“The patch could be truly impactful in developing countries, where costs for widespread vaccinations can be an issue,” said Novotny. “Syringes and trained medical professionals who can administer a vaccine can be expensive – but the patch could reduce material and resource costs significantly.”

Ultimately, researchers envision creating a vaccine patch similar to the kind placed behind the ear to prevent motion sickness. As a vaccine for children, the patches would be stuck behind both ears or on the back of the neck, and possibly worn for just one day. Novotny says that so far, there have been no side effects seen in animal subjects that have worn the patch.

The team hopes to begin testing the skin patch will be ready for testing in humans in the not too distant future, and to use the insights on NTHI bacteria they’ve observed to help inform other research on biofilms and infectious disease.

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About The Ohio State University Center for Clinical and Translational Science
Dedicated to turning the scientific discoveries of today into the life-changing health innovations of tomorrow, The Ohio State University Center for Clinical and Translational Science (CCTS) is a collaboration of experts including scientists and clinicians from six Ohio State Health Science Colleges, Ohio State’s Wexner Medical Center and College of Medicine, and Nationwide Children’s Hospital. Funded by a multi-year Clinical and Translational Science Award (CTSA) from the National Institutes of Health, OSU CCTS provides financial, organizational and educational support to biomedical researchers as well as opportunities for community members to participate in credible and valuable research. The CCTS is led by Rebecca Jackson, M.D., Director of the CCTS and associate dean of research at Ohio State. For more information, visit http://ccts.osu.edu.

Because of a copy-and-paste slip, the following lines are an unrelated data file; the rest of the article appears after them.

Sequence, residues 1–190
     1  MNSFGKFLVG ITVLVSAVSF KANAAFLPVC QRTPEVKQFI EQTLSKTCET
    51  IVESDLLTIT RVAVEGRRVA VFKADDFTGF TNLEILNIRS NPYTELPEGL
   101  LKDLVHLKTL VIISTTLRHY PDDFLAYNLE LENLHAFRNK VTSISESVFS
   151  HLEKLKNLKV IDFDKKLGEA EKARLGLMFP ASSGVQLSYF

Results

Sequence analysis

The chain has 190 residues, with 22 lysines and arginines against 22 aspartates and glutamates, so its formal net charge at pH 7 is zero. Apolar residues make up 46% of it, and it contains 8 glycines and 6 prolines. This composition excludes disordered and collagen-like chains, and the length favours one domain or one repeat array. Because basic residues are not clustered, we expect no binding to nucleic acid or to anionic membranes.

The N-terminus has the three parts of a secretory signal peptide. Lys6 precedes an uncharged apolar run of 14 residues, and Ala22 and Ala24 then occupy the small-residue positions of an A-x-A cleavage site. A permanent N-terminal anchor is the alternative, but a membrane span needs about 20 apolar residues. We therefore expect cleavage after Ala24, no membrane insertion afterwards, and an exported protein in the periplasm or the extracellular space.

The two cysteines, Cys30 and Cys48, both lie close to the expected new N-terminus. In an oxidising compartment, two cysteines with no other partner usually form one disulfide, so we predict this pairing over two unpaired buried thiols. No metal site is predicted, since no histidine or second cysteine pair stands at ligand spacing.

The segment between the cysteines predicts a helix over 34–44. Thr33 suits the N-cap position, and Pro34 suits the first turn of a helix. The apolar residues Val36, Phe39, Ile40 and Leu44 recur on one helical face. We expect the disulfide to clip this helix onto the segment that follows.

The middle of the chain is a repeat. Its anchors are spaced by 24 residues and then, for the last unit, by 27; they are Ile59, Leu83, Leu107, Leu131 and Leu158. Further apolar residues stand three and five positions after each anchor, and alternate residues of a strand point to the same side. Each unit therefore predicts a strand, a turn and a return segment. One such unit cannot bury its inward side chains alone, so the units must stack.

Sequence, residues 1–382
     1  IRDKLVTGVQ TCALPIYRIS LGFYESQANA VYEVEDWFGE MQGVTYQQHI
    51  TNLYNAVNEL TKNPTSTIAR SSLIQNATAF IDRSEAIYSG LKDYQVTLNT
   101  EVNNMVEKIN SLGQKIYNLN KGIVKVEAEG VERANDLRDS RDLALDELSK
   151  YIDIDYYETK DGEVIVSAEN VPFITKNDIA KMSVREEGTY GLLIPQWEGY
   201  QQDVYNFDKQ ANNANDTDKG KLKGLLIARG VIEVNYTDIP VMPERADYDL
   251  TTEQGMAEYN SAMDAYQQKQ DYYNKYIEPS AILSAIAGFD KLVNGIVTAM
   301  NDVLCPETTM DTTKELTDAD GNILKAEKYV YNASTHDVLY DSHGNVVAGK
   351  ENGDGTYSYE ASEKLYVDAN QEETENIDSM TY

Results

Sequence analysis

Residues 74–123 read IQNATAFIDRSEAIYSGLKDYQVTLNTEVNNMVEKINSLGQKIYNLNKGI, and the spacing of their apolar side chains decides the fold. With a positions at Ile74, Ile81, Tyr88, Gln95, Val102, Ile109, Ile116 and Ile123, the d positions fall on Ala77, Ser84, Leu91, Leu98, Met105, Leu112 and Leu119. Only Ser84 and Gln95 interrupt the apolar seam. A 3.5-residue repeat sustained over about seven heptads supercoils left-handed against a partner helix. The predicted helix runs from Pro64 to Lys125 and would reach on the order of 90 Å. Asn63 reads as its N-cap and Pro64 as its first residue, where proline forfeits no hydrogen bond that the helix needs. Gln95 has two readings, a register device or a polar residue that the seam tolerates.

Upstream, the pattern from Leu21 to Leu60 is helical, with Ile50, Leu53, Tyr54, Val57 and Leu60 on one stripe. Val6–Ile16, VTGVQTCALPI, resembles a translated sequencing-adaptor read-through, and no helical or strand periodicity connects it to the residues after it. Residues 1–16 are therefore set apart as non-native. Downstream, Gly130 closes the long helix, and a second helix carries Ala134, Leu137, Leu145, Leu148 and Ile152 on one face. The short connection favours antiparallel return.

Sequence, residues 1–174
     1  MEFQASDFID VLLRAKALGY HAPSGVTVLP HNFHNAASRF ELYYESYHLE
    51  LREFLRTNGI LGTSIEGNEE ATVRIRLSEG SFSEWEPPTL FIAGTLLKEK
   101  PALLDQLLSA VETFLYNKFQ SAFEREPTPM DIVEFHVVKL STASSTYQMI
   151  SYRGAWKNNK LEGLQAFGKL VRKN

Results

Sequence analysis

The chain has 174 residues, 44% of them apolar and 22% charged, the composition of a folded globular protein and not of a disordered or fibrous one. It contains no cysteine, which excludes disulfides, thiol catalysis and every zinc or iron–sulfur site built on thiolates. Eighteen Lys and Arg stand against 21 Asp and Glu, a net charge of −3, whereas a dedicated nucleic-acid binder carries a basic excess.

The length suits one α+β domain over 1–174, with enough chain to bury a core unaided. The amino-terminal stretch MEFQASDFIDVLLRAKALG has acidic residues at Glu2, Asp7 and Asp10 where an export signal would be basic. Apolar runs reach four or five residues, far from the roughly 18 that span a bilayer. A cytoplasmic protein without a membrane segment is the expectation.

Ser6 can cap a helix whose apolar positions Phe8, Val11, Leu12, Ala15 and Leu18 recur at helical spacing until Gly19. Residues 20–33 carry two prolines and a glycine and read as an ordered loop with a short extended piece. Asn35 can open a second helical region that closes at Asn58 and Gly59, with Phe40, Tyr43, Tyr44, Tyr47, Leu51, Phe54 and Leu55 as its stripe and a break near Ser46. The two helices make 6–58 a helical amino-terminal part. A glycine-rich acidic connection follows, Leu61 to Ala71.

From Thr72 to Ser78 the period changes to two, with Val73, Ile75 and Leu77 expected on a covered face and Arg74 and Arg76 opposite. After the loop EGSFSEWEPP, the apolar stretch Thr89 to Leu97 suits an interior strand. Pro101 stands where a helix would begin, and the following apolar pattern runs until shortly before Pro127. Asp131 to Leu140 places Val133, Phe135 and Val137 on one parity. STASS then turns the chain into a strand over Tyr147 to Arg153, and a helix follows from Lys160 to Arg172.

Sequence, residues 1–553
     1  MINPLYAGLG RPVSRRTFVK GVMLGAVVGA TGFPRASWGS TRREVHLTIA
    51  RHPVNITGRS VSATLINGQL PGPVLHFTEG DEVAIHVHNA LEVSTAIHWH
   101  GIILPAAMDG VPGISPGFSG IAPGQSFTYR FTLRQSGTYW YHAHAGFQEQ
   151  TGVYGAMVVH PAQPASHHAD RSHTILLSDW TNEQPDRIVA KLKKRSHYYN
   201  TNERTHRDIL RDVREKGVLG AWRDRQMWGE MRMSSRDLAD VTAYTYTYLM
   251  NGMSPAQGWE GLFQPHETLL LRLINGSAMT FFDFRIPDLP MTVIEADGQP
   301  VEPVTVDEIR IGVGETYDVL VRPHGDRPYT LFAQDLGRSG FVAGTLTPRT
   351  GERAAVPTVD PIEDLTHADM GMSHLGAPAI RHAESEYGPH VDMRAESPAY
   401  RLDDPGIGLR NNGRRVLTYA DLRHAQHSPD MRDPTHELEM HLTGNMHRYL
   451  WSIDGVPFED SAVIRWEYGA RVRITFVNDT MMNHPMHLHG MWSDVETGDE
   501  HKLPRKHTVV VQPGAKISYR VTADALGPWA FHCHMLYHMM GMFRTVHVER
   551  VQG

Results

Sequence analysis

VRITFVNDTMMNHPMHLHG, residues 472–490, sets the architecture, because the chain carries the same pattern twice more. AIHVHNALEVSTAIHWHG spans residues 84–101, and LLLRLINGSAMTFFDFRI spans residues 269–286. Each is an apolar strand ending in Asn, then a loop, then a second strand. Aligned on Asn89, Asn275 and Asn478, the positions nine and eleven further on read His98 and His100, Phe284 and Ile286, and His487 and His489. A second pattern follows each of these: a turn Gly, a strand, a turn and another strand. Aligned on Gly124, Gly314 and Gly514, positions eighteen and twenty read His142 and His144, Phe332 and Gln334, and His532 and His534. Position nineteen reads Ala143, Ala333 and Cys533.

About Nationwide Children’s Hospital
Ranked 7th of only 12 children’s hospitals in U.S.News & World Report’s 2012-13 “America’s Best Children’s Hospitals” and among the Top 10 on Parents magazine’s 2013 “Best Children’s Hospitals” lists, Nationwide Children’s Hospital is one of the nation’s largest not-for-profit freestanding pediatric healthcare networks providing care for infants, children, adolescents and adult patients with congenital disease. As home to the Department of Pediatrics of The Ohio State University College of Medicine, Nationwide Children’s Hospital faculty train the next generation of pediatricians, scientists and pediatric specialists. The Research Institute at Nationwide Children’s Hospital is one of the top 10 National Institutes of Health-funded free-standing pediatric research facilities in the U.S., supporting basic, clinical, translational and health services research at Nationwide Children’s Hospital. In June 2012, the hospital celebrated completion of the largest pediatric expansion project in United States history including the addition of a third research building. All three research buildings include approximately 525,000 square feet dedicated to research. More information is available at NationwideChildrens.org/Research.

About the Clinical and Translational Science Awards
Launched in 2006 by the NIH, and currently residing in the National Center for the Advancement of Translational Sciences (NCATS), the Clinical and Translational Science Awards (CTSA) program created academic homes for clinical and translational science at research institutions across the country. The CTSA’s primary goal is to accelerate discoveries towards better human health by speeding up the time it takes for basic science to turn into useable therapeutics and to train the next generation of clinicians and translational researchers.

The Ohio State University Center for Clinical and Translational Science (CCTS) is funded by the National Institutes of Health (NIH) Clinical and Translational Science Award (CTSA) program (grants 8UL1TR000090-05, 8KL2TR000112-05, and 8TL1TR000091-05) The CTSA program is led by the NIH’s National Center for Advancing Translational Sciences (NCATS). The content of this release is solely the responsibility of the CCTS and does not necessarily represent the official views of the NIH.